Today our world has begun to resemble something out of Amazing Science Fiction. Ancient pharaohs could not conceive of the wealth and power that the average Kuwaiti or Kiwi now takes for granted. But beneath the surface, our hubris is all too evident. 

Nature has always sustained us. We inhabit a thin film of biological activity in the cold depths of space, many light years from any other star system. No other planet in our own solar system is hospitable to life. Our own planet’s biosphere is thinner, by proportion, than the dew on an apple. We are one large solar flare, one errant asteroid, one mutant gene, or one nuclear winter away from extinction. 

Looking around, we should be amazed and reverential that we have been given paradise for the span of a lifetime. Instead, we are collectively polluting, over-consuming, and wasting it to death. By any reasonable index — diversity of species, soil productivity, fresh water, forest cover, carbon in the atmosphere, ice over the poles — we are squandering our inheritance at unprecedented rates. 

James Lovelock, who, with Lynn Margulis, popularized the Gaia hypothesis, which posits that our planet’s biosphere is a living and self-regulating organism, has recently come out with dire warnings of pending Earth changes. Lovelock says that “we are in a fool’s climate, accidentally kept cool by smoke, and before this century is over billions of us will die and the few breeding pairs of people that survive will be in the Arctic where the climate remains tolerable.” 

If you give Lovelock’s predictions credence, your grandchildren’s survival boils down to one of three strategies: migrate away from the equator and plan to cope with the rising tide of millions of your fellow refugees; go mobile, follow the weather, and trust you will find safe places to set up camp when you need to; or shelter-in-place, nourishing your familiar ecosystems as best you are able, and build communities of like-minded people for shared defense, soil-building, and survival. 

We are doubtless well beyond carrying capacity already. World population, which has already doubled twice in my lifetime, is headed for 8 or 9 billion by mid-century, even if fertility were to be held to sum zero: 1.4 births per couple. Half a child more and we are looking at 18 billion.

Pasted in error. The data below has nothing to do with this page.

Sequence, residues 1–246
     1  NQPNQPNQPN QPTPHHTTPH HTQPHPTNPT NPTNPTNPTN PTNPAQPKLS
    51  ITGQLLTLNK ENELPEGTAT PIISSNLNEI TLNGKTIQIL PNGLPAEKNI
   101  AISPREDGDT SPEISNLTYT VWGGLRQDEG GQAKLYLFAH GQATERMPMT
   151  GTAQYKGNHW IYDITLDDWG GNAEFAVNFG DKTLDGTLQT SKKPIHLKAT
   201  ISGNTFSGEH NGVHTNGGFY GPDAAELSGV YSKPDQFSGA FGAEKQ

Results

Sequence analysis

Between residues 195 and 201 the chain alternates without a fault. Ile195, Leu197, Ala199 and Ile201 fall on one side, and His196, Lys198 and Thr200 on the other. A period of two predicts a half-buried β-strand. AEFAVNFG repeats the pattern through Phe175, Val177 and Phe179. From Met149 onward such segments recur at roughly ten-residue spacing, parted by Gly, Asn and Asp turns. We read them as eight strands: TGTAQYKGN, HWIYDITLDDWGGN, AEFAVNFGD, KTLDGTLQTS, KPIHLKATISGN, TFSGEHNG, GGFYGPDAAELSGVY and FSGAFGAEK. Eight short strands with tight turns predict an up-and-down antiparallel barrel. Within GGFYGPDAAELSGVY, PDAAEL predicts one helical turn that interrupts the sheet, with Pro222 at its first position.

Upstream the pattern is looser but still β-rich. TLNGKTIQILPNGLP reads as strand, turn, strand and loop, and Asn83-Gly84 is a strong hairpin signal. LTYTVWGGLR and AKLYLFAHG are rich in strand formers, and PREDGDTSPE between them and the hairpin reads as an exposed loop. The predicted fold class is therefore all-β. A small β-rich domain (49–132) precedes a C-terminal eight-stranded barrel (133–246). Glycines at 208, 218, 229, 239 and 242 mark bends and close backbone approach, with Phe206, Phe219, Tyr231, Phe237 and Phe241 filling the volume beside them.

For thousands of years we have imagined the Earth as the source of fertility, nurturing humanity. To ancient Greeks, Gaia was Mother Nature. In the Americas her name combines Pacha (Quechua for “change, epoch”) and Mama (“mother”). To the Norse she was Jord, the goddess of Earth, who entrusted her bounty to Idunn, the goddess of youth and springtime. In India she was Kali. Kali is a particularly appropriate goddess for our times because in her mad dancing, disheveled hair, and eerie howl there is a world reeling, careening out of control. The world is created and destroyed in Kali’s wild dancing; redemption comes only when we realize that we are invited to take part in her dance, to yield to the frenzied beat, to find her rhythm.

Peak oil [or Pandemic] may be the trigger for a global economic depression that lasts for many decades. Or it may not. It may plunge us into violent anarchy and military rule. Or it may not. But if peak oil [pandemic] doesn’t wake us up to the precariousness of our condition, divorced from our roots in the soil and the forest, annihilating the evolutionary systems that sustain us and replacing them with brittle, artificial, plastic imitations, what will? What will it take? 

We have gradually obtained more and more creature comforts since emerging from a world of ice 20,000 years ago. Since that time, our food supply, housing, mobility, and quality of life have gradually improved, extending our life spans and enabling us to have larger families. It was only a short time ago, two centuries at most, that we fell into our energy addiction and started down a path to ruin. Peak oil [Pandemic] is an opportunity to pause, to think through our present course, and to adjust to a saner path for the future. We had best face facts: we really have no choice. 

Peak oil [Pandemic] is a horrible predicament. It is also a wonderful opportunity to do a lot better. Let’s not squander this moment. This will be the Great Change. 


PENNSYLVANIA DUTCH PLUM CAKE

Serves 8 

2 cups molasses
1 cup milk or soymilk 
2 eggs, beaten, or substitute 
4 Tbsp flaxseed meal whipped in 1/3 cup water 
1 tsp nutmeg, grated 
1 tsp ground allspice 
1 tsp cinnamon 
1 cup plum preserves or fresh ripe plums, peeled 
1⁄2 cup raisins 
1⁄2 cup currants 
1⁄2 pound chopped candied lemon rind 
About 2 inches of a vanilla bean, split 
A few black peppercorns 
1 1⁄2 cups pastry flour 
2 cups butter, cut small 
2 1⁄4 cups 80-proof brandy or cognac 

Combine all except last 3 ingredients in large pot, bring to a simmer, and cook 1 hour. Preheat oven to 375°F. Add last 3 ingredients and stir well, then pour into baking pans and bake for 30 minutes.